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Global machinery firms cautious on 2018


Some of the world's largest plastic equipment companies are predicting that 2018 will be a year of more cautious growth, but growth nonetheless.

Speaking at news conferences at the Fakuma trade fair in Germany in mid-October, executives with some of Europe's largest plastics machinery makers predicted revenues would rise this year, even with uncertainty from trade policy - a revised NAFTA, a tariff conflict between China and the United States and Brexit - taking its toll.

Munich, Germany-based KraussMaffei Group GmbH, for example, said its global sales through September were $1.12 billion, up 1.6 percent over the same period last year.

"We expect growth to continue, but to be less pronounced than previous years," said CEO Frank Stieler, adding that the company is still seeing steady growth in China, while other markets are "more sluggish."

KraussMaffei is owned by China National Chemical Corp. (ChemChina), which is in the midst of listing the German machinery maker on the Shanghai Stock Exchange. Stieler said "the approval process in China is much more intense" but said the company hopes to gain approval from Chinese regulators by the end of the year.

Meanwhile, injection press maker Engel Holding GmbH said it expects worldwide sales in its current fiscal year, which ends March 31, to be up 6 percent, to $1.85 billion. That's less than the 11 percent gain in sales in the previous fiscal year.

So far this year, executives said, the company has seen business cool somewhat in North America, as buyers from large international conglomerates waited on negotiations for a new North American Free Trade Agreement.

But with the terms agreed to for the successor to NAFTA - now called the United States-Mexico-Canada Agreement - Steger said Engel is "quite happy" and that many of the company's initial insecurities have been reduced.

Nonetheless, he also said business is off because some customers are still assessing the impact of Britain's exit from the European Union.

"People are a bit reluctant with investments at the moment," said Christoph Steger, Engel's chief sales officer, citing a "certain reservation" the company is seeing in parts of Europe because of confusion surrounding the Brexit strategy.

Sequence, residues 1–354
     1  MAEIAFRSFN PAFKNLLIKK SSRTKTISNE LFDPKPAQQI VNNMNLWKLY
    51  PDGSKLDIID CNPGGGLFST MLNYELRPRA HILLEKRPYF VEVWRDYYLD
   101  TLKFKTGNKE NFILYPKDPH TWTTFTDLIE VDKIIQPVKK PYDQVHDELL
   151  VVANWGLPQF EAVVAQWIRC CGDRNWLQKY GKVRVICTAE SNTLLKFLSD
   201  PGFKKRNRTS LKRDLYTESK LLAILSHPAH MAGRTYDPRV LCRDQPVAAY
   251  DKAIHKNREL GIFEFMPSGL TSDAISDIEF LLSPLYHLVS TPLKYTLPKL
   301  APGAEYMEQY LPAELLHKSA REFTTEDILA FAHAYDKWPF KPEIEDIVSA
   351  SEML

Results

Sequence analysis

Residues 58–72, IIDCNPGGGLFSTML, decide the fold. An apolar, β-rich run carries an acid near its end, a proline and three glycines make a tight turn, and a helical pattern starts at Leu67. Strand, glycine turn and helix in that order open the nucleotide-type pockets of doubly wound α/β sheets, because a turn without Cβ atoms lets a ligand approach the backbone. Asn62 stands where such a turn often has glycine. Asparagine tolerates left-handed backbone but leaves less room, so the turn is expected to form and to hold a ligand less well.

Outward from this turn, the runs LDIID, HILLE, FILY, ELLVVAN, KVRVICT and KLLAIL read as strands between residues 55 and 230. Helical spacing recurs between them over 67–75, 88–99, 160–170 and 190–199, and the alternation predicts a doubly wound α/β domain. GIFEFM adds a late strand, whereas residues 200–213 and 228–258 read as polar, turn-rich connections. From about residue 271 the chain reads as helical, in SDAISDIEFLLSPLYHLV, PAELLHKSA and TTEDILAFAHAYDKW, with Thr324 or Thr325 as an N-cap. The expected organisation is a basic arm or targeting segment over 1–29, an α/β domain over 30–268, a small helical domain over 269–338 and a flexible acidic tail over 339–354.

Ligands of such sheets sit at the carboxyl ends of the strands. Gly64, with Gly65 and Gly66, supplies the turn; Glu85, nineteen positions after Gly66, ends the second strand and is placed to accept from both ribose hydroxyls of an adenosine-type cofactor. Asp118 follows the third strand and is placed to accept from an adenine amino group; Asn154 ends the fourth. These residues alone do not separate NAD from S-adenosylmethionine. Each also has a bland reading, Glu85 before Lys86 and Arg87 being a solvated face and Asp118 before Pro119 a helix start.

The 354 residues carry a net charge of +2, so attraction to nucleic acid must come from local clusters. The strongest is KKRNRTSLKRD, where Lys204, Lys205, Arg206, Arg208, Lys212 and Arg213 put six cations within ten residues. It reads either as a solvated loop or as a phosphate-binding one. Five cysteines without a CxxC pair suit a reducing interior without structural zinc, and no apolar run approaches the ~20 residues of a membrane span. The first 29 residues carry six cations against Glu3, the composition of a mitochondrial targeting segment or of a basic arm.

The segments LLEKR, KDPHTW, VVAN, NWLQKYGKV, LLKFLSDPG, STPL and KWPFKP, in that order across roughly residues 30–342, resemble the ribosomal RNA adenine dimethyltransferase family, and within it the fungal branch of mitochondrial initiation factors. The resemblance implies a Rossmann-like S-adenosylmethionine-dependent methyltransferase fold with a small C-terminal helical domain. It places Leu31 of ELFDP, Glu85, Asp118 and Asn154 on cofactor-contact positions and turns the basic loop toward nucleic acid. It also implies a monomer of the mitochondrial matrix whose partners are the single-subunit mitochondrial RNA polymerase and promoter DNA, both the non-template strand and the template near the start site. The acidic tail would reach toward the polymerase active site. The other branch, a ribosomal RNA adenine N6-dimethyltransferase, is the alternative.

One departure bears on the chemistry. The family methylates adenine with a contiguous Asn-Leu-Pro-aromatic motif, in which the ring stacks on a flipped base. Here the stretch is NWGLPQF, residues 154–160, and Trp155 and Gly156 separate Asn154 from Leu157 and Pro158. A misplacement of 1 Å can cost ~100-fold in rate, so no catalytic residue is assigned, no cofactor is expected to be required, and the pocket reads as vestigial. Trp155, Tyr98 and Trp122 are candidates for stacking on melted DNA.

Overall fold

But, Steger told reporters that growth in central and Eastern Europe is balancing out the slowdown in the U.K., and Germany continues to grow, with sales in that country up 50 percent in the last five years.

He said Europe accounted for 53 percent of the Austrian company's global sales, followed by the Americas at 24 percent and Asia at 22 percent.

Revenue growth in Asia has been the biggest for the Engel Group and is continuing to grow, Steger said, with stricter quality requirements in the medical and packaging industries leading to increased demand. China is the strongest driver of growth in the region, he said.

Engel is also paying close attention to the trade conflict and increasing tariffs between China and the United States. In May, the company announced plans to restart assembly of big injection molding machines at its Engel Machinery Inc. facility in York, Pa., in the first quarter of 2019.

They are watching the impact of tariffs on machine castings they would import from China, Steger said. He said it would be difficult to import enough castings from Europe.

"Everything is still on track. The question is how the tariffs are going to harm the speed of ramping up the production because when it comes to the casting part, you simply, more or less, just get it out of China," Steger explained. "It makes no sense to import these castings to machine them in the U.S. if I have a 25 percent tariff on the castings."

German injection machinery maker Arburg GmbH + Co. KG said at a Fakuma press event that it was seeing better results this year, although the company declined to release a lot of specifics.

"In 2017, we reached 698 million euros ($807 million)," said Jürgen Boll, Arburg's managing director of finance, controlling and IT. "In the first half of 2018, and still now at the end of the third quarter, we are still well ahead of the previous year, and we expect good levels of revenue for the rest of the year."

Arburg officials did not provide a specific target, but Boll said they are "very optimistic" that sales could potentially reach a 10 percent turnover for the year as whole.

But despite predictions of a successful 2018 for Arburg, the machinery maker's confidence still rests in the hands of pending economic uncertainty.

"In this context, the question is often raised as to whether economic upheavals -- for example, in relation to 'punitive tariffs' -- are emerging that could have an impact and, if so, what measures we are taking to avert this potential problem," Arburg Sales Director Gerhard Böhm said. "As of today, I can say that uncertainties are beginning to emerge in certain markets."


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